Sir John Harvey-Jones, former chairman of ICI and later presenter of the BBC’s Troubleshooter programmes in the 1980s, died on 9 January 2008. He was 83.
Perhaps oddly at first glance, considering his position as the head of one of the great bastions of British industry, The Guardian gives him a particularly warm and affectionate tribute:
[Sir John] was a genial and genuine giant of British industry – the sort of man with whom a bear hug and a belly laugh seemed the most appropriate greeting once you got to know him … which took about five minutes.
By contrast, the Financial Times is rather lukewarm about him:
His ability to communicate was what made his books so popular. While containing few fresh insights into business, they cut through layers of what he would have cheerfully described as “bullshit” and set out obscure ideas with clarity and an idiosyncratic wit.
He was not frightened of making a spectacle of himself. At a particularly stuffy dinner at The Economist (of which he was chairman from 1989 to 1994), he showed his frustration by doing a jig on the table.
[You can almost see the author’s single eyebrow raised…]
The Daily Telegraph gives him a good write-up, in spite of what might have been thought to be insurmountable political differences:
Troubleshooter, watched by an audience of more than three million, won a BAFTA award for originality. Part of its success lay in the communication of Harvey-Jones’s genuine love of factories and manufacturing processes, and his patriotism- he claimed to wear Union Flag underpants. His belief in the vital importance of a healthy industrial base (the subject of his 1985 Dimbleby lecture) placed him radically at odds with Thatcherite thinking: he once described the then prime minister as “British industry’s greatest handicap”.
He had in fact been a founder member of the SDP, and proudly pointed out that he had been made to wait longer for his knighthood than any previous chairman of ICI.
The Times is rather coy about his years in the intelligence community just after the Second World War:
He served in submarines from 1942 to the end of the war, when, having qualified as an interpreter in both German and Russian, he served with various Russian missions until 1947. He then held a succession of appointments in Intelligence, including a secondment to the Cabinet Office, for which services he was appointed MBE in 1952. Between 1951 and 1953, he was first lieutenant aboard HMS Amethyst and, until 1954, he was a lieutenant-commander at HMS St Austell Bay. For the next two years he was in charge of the Russian section of the Admiralty.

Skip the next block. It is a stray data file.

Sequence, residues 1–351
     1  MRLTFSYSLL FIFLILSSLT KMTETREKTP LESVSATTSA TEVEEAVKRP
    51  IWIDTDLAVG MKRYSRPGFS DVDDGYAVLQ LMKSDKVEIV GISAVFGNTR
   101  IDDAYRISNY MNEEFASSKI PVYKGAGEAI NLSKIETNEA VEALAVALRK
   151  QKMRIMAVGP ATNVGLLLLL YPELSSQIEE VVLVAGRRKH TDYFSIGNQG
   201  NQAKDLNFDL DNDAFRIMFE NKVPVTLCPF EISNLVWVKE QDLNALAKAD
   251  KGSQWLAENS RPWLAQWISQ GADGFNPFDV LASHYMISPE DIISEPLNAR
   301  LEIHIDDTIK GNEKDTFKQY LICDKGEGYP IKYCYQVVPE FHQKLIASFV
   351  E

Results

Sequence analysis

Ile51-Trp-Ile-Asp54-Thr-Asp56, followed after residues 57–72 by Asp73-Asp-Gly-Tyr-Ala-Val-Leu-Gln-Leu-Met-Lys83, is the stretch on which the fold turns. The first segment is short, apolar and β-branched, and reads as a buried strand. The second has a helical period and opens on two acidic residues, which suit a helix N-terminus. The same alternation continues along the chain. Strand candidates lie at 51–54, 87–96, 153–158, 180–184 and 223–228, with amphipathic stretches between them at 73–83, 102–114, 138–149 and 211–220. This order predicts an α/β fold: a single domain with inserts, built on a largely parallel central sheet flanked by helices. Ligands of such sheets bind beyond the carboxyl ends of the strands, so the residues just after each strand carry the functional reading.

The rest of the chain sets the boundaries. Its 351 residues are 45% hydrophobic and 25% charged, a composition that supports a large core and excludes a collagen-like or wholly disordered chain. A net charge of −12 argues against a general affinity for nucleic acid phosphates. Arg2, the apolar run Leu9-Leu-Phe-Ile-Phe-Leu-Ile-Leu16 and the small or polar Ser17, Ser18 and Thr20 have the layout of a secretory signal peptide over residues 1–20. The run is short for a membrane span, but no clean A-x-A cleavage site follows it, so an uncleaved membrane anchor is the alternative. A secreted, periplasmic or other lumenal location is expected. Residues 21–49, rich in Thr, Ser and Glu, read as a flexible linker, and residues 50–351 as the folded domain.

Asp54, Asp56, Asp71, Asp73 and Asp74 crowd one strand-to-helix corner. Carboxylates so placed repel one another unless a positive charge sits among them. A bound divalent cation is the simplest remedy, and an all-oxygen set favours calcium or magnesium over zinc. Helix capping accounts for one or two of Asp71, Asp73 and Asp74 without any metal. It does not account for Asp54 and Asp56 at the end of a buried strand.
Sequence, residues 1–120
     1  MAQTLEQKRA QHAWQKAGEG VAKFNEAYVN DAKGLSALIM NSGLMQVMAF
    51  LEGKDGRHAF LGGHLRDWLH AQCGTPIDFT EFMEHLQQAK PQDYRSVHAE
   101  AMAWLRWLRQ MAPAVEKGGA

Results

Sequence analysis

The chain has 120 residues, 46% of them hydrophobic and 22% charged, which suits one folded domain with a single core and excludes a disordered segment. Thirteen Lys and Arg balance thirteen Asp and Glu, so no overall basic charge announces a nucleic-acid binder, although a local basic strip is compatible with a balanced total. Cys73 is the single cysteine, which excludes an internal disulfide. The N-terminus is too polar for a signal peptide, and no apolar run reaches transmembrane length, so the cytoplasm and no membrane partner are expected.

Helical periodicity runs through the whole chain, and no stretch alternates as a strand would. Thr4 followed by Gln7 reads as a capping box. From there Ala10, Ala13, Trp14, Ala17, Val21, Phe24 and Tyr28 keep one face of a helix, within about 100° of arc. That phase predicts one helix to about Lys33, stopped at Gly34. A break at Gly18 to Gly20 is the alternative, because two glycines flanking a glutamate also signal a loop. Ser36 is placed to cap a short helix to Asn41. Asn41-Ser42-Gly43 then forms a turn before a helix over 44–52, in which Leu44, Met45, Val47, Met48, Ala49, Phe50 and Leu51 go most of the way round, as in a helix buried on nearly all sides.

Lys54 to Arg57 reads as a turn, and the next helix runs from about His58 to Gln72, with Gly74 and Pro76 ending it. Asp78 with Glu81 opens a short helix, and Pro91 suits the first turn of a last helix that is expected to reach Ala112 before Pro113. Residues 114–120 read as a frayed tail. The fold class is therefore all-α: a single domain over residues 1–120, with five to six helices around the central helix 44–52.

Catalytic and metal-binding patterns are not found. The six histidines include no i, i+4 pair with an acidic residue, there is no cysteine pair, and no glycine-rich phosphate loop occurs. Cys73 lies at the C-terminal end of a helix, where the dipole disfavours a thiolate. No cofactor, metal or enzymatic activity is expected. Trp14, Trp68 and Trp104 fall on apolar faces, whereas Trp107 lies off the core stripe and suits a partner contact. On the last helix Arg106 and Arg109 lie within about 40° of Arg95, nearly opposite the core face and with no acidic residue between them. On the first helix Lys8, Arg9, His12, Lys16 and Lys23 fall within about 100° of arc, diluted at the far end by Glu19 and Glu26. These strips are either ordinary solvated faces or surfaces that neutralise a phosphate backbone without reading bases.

What he was doing, in fact, was much more exciting, as The Independent explains:
He then returned to active service to run the Navy’s stations at Kiel and Hamburg, where he got to know – and like – most of Germany’s surviving admirals. This was followed by command of a high-speed ex-torpedo boat with a German crew. “What we were ostensibly doing was fishery protection in the Baltic; you can make your own guesses as to what we were actually doing. That was tremendous fun. Marvellous, absolutely marvellous!” In 1949 the Admiralty put him back in the proper Navy, serving during the Korean war before being sent off for some months in the Antarctic. He returned to Britain with an MBE for his work in the Baltic.
Harvey-Jones then spent several years in MI6, the most mysterious period in his career, in work so sensitive that even as chairman of ICI he never dared to visit the Soviet Union. But we do know that he worked in the Russian section, thanks to his knowledge of the language and his experience in the Baltic, and that he shared an office with the Russian spy Gerge Blake.
A colourful character indeed, as The Guardian‘s James Erlichman explains:
But what made him so remarkable was that he emerged in the early 1980s, when virtually every other British industrialist looked a puny, third-rate failure in a grey suit. His generation may have produced people such as Lord Hanson and Sir James Goldsmith, who left the country to pillage, financially, abroad, and buccaneers such as Sir Freddie Laker and Sir Richard Branson, but Harvey-Jones was a swashbuckler who was, miraculously, made chairman of that most pukka of British companies, ICI (Imperial Chemical Industries). And this at a time when the rest of the country’s heavy industries – British Leyland, Triumph and Norton motorcycles, the mines, shipyards and steel industry – were disappearing down the commercial plughole.
(Sir John Henry Harvey-Jones MBE, born 16 April 1924 in London, died 9 January 2008 in Hereford.)